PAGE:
Ontario 27,600 [8]
 Quebec 19,200 [9]
 Alberta 8,810 [10]
 British Columbia 6,810 [11]
 Manitoba 2,735 [12]
 Saskatchewan 760 [13]
 New Brunswick 135 [14]
 Nova Scotia 110 [15]
 Newfoundland and Labrador 15 [16]
 Prince Edward Island 10 [17]
 Yukon 10 [18]
 Northwest Territories 25 [19]
 Nunavut 0 [20]
 Canada 66,215 [1]

The province with the highest concentration of people of Salvadoran ancestry is Manitoba, which is 0.3% Salvadoran Canadian. The province with highest number of people with Salvadoran ancestry is Ontario, with 29,000 Salvadoran Canadians.[3] The cities in Canada with the highest concentration of Salvadoran Canadians are: Brandon, Manitoba (2.3%), Kitchener, Ontario (1.1%), Montreal, Quebec (0.7%), London, Ontario (0.7%), New Westminster, British Columbia (0.7%), Toronto, Ontario (0.4%), Edmonton, Alberta (0.4%), Brampton, Ontario (0.4%), Burnaby, British Columbia (0.4%), Vancouver, British Columbia (0.3%), Ottawa, Ontario (0.3%) and Winnipeg, Manitoba (0.3%).[3] Salvadorans are the third largest Hispanic population in Canada. In Toronto, many Salvadoran people are located around Eglinton Avenue and Keele Street and along Jane Street.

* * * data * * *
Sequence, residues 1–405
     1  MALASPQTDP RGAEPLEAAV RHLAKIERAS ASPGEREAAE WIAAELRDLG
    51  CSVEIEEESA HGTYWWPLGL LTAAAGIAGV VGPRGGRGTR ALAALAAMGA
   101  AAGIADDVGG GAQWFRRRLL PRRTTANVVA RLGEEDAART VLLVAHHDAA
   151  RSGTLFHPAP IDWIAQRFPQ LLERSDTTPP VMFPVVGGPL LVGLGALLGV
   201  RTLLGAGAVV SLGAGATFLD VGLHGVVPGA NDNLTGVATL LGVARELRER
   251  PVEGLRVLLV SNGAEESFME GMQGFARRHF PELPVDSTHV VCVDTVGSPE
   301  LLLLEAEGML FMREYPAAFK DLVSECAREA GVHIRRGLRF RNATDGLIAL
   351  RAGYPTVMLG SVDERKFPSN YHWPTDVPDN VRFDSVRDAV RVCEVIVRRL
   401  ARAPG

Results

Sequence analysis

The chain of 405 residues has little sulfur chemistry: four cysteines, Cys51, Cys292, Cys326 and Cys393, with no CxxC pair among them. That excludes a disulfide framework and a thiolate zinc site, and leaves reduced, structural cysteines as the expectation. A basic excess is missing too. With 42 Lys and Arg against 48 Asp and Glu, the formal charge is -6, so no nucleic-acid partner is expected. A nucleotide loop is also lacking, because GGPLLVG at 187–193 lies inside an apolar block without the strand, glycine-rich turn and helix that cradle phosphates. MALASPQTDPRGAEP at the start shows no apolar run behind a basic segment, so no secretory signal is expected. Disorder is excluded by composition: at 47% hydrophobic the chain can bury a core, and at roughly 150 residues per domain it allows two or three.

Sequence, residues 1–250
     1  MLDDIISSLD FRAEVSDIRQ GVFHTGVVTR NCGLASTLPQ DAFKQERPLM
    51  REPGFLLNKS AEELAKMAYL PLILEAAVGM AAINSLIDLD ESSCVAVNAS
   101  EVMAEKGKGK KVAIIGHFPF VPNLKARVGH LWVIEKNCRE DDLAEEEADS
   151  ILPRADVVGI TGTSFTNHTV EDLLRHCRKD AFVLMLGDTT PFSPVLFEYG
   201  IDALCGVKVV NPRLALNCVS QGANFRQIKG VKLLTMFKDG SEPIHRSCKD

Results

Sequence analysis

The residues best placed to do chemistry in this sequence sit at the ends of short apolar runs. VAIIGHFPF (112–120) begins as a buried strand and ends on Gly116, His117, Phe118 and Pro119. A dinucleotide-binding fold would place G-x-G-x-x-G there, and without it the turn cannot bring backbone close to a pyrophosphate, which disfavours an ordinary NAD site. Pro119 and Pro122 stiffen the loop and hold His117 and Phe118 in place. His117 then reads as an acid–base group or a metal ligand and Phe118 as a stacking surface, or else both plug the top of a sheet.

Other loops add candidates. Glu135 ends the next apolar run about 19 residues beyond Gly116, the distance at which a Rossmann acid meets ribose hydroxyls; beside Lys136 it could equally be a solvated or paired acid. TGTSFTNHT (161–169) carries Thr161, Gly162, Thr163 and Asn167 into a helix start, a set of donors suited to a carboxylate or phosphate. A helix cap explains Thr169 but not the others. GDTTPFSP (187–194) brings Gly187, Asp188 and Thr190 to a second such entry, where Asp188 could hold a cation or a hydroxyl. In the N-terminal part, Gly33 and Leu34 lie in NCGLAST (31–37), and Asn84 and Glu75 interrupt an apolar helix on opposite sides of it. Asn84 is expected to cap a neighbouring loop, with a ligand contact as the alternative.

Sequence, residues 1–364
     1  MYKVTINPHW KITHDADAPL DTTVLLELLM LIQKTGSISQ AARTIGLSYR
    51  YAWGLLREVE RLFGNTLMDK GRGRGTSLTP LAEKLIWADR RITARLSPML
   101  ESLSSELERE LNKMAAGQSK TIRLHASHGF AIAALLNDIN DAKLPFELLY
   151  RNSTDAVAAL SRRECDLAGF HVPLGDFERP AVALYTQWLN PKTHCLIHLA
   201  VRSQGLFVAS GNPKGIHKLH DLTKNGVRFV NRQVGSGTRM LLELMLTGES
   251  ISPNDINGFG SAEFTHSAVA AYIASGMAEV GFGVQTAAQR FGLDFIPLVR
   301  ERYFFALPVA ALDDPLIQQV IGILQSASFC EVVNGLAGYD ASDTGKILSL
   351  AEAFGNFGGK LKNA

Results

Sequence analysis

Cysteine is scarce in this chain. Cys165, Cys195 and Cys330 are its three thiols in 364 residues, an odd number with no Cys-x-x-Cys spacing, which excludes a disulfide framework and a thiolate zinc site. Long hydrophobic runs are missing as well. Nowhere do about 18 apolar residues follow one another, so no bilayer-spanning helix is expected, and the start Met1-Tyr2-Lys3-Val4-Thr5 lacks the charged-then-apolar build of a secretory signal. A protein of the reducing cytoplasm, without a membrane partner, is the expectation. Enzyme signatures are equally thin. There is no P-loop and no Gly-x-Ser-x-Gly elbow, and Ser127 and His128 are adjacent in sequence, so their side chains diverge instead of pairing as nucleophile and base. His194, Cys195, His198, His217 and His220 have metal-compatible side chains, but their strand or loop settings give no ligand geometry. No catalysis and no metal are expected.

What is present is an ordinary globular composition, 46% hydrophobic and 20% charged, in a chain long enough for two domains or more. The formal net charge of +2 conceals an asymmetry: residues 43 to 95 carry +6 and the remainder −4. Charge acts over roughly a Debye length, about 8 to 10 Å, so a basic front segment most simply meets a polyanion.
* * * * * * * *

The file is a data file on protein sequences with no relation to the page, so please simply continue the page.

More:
See also

References

  1. ^ a b "Ethnic Origin, both sexes, age (total), Canada, 2016 Census – 25% Sample data". Canada 2016 Census. Statistics Canada. 2019-02-20. Retrieved 30 January 2020.
  2. ^ "Immigrant population by place of birth, period of immigration, 2016 counts, both sexes, age (total), Canada, 2016 Census – 25% Sample data". Canada 2016 Census. Statistics Canada. 2019-02-20. Retrieved 30 January 2020.
  3. ^ a b c [1], National Household Survey (NHS) Profile, 2011
  4. ^ Garcia, Maria Cristina. "Canada: A Northern Refuge for Central Americans". Migration Policy Institute. Retrieved 29 June 2015.
  5. ^ Martin, Douglas. "Salvadorans Find a Haven in Canada". The New York Times. Retrieved 29 June 2015.
  6. ^ "SALVADORIAN WORKERS CELEBRATE ONE YEAR ANNIVERSARY AT BRANDON FACILITY". December 4, 2003. Archived from the original on August 1, 2013. Retrieved August 1, 2013.
  7. ^ "Part 3: Manitoba welcome host for guest workers in Canada". November 3, 2009. Retrieved August 1, 2013.